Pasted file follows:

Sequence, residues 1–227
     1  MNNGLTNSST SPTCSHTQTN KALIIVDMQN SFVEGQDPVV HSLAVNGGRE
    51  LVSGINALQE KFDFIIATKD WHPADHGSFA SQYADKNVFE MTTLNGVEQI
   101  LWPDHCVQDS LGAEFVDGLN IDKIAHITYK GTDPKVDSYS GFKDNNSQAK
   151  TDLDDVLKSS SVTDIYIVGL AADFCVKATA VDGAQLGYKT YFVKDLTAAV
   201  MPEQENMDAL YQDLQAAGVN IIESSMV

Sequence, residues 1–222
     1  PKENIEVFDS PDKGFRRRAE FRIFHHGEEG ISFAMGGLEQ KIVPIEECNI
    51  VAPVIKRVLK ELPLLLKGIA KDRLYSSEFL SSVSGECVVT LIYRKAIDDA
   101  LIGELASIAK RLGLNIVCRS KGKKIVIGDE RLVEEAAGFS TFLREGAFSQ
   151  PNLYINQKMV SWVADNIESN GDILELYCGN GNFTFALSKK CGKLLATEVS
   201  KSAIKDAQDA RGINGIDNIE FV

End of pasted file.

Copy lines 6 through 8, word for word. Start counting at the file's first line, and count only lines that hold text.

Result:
   201  MPEQENMDAL YQDLQAAGVN IIESSMV

Sequence, residues 1–222
     1  PKENIEVFDS PDKGFRRRAE FRIFHHGEEG ISFAMGGLEQ KIVPIEECNI